How I’m Falling In Love With Salchinthanpally

by | Feb 26, 2019

On a bright sunny morning after comfortably getting myself a twenty-minute-long shower, which easily included the usage of five to six products and then applying a couple of skin care products on, I started my walk towards Salchinthanpally (read as my village). I was heading here to do some Participatory Rural Appraisal activities with the villagers, as a part of my work assignment here in Agastya as an India Fellow.

As I walk into the village through the main road with fresh tomato fields on one side and millets on the other, I felt the transition already. I felt like I’m entering a different world, a world where everything is natural and real. In one of these tomato farms I see Janu and her friend Sangeetha welcoming me with a wide and ear to ear smile, shouting “Happy Sunday Miss!”

Never in twenty one years of my life, have I ever gotten a chance to stay in a village for a period longer ten days. All the world view I have of villages is from typical movies and from the television adaption of Malgudi Days (if you don’t know what Malgudi Days is you should definitely Google it right away and trust me on this it can be a great web series to binge watch over this weekend).

Coming back, I walked past the primary school and the ground to reach Ralamma’s house as I see her shouting my name and asking me to come over for a cup of coffee (she knows that I don’t drink tea).

The first person to invite me over to their house for a meal, the first one to understand my Telugu and also the first to realize that I’m not very different from the people there in the village was Ralamma. We both get along really well. She’s a thirty-five-year-old woman with a sense of humor better than anyone I’ve ever met in this village, her charming personality and ever gleaming face is what draws me towards this semi built white house every other day.

As I move further ahead I see Hari with a neem twig in his mouth wishing me “Good Morning Miss!” with all the natural goodness spraying out (laughs). I also see Venkanna taking a leisure bath on the pavement with his mother’s help. Something I couldn’t help but notice is that she was using a stone on his body. When asked Ralamma about this she laughed saying, “What is so surprising about it, Supriya?” which further fueled my inquisitiveness. I insisted her on telling me more about this – bathing with a rock ritual. She simply smiled and said that it is something that they use as a scrubber to make sure that no dirt remains on the skin after a bath. Which I understood for sure but my supplementary question which definitely seemed foolish to her was if it won’t leave rashes on the skin or even worse, cause bleeding bruises? She again laughed and said, “No, that’s what we’ve been doing since forever”. To me, that definitely was a convincing answer, since I see them all having glowing skin (obviously without rashes and bruises).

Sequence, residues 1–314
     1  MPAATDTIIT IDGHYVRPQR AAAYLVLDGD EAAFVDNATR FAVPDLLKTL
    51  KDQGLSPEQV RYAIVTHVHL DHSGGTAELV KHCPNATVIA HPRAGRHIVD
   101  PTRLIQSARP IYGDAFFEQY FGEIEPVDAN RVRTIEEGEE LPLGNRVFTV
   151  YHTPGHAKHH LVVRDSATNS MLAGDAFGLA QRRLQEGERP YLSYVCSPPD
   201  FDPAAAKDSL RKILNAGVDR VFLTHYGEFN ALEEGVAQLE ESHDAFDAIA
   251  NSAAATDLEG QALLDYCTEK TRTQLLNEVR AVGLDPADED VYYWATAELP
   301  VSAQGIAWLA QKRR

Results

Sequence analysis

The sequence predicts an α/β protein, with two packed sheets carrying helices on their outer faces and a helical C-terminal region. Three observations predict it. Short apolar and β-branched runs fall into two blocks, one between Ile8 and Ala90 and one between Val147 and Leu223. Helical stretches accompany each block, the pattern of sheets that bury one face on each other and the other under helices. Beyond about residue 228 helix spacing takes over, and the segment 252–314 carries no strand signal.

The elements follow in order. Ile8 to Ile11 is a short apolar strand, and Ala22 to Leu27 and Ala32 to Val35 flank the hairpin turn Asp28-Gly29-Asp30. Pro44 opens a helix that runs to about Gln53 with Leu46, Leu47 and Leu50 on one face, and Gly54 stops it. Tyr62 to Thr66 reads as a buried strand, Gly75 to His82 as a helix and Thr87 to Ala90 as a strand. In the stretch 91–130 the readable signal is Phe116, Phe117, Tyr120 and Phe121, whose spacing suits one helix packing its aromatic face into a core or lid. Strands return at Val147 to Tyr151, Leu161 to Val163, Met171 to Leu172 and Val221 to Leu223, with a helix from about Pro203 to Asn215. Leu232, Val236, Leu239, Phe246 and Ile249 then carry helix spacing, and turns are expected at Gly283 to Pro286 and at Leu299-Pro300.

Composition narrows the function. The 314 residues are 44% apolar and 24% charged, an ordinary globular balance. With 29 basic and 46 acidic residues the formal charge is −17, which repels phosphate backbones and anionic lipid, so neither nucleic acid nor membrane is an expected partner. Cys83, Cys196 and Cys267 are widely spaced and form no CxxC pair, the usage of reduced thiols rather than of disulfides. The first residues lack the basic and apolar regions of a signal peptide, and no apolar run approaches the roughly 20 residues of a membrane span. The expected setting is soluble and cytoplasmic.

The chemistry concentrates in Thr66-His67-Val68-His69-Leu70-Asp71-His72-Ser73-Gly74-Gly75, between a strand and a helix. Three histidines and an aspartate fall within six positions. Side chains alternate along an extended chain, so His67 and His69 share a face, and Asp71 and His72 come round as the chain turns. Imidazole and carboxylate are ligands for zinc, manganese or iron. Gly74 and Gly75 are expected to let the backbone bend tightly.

While I am lost in the thoughts of what might happen if I started using the neem twig to brush my teeth and a stone  to scrub my body on a daily basis, I see Ralamma and another neighbor calling all the kids in the playground to serve some hot and fresh Parmannam (authentic sweet dish prepared with dal, rice and jaggery) on some even fresher and just-plucked-out-from-branches leaves, it put a wide smile on my face.

I thought to myself how dependent and connected these people are to nature and the products from it, unlike me who in the fear of not finding the right shampoo keeps carrying a  huge bottle everywhere. It’s amazing to see how they don’t take their bodies as the center of everything; especially how the external looks hardly matter to them and peer pressure isn’t even a thing!

With these thoughts lurking in my head I moved on to fulfill the purpose of my visit to the village’s bus stop where a lot of men gather every now and then to sip-on some hot chai

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